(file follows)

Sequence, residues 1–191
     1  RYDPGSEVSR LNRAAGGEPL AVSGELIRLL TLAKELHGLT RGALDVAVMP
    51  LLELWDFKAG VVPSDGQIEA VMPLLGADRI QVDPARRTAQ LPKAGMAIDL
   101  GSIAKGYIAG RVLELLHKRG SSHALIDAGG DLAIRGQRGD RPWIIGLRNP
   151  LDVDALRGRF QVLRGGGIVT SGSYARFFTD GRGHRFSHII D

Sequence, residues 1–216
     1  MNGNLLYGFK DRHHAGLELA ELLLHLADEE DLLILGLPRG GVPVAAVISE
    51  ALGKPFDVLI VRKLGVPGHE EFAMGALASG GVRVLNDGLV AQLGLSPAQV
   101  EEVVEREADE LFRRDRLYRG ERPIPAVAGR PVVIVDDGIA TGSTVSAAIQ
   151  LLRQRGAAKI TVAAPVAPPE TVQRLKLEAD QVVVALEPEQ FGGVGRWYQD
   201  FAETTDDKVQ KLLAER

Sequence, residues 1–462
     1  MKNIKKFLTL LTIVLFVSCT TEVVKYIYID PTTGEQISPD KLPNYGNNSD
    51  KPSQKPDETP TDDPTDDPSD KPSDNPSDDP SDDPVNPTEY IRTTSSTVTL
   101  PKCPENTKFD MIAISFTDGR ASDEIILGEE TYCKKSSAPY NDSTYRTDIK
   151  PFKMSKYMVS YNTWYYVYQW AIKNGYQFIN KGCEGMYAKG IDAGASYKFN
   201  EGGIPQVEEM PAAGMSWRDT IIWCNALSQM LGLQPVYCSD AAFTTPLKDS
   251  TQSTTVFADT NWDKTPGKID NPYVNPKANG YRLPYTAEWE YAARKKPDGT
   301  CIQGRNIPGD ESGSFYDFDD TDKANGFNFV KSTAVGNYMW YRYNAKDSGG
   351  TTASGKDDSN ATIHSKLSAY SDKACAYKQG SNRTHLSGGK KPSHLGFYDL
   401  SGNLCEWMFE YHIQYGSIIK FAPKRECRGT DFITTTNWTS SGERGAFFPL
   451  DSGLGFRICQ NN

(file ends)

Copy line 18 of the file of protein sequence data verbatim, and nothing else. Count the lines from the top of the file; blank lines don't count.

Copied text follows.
   251  TQSTTVFADT NWDKTPGKID NPYVNPKANG YRLPYTAEWE YAARKKPDGT